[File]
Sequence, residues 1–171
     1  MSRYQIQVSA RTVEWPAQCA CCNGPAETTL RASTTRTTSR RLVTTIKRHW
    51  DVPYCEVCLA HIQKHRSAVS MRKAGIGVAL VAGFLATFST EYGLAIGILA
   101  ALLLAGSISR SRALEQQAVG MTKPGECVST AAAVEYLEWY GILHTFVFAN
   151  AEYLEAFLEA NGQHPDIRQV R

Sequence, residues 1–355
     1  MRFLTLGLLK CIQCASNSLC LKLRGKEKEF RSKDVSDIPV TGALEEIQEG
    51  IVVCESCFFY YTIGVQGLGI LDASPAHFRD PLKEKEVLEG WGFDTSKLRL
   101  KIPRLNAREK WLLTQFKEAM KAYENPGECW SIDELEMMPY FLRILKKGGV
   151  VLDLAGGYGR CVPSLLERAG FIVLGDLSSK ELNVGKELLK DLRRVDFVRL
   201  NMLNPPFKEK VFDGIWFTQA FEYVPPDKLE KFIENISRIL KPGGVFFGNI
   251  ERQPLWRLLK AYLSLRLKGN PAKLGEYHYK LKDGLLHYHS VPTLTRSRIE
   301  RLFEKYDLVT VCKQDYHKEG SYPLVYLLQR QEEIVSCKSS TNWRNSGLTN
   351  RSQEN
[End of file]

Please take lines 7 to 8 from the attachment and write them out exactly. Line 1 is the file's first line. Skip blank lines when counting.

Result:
     1  MRFLTLGLLK CIQCASNSLC LKLRGKEKEF RSKDVSDIPV TGALEEIQEG
    51  IVVCESCFFY YTIGVQGLGI LDASPAHFRD PLKEKEVLEG WGFDTSKLRL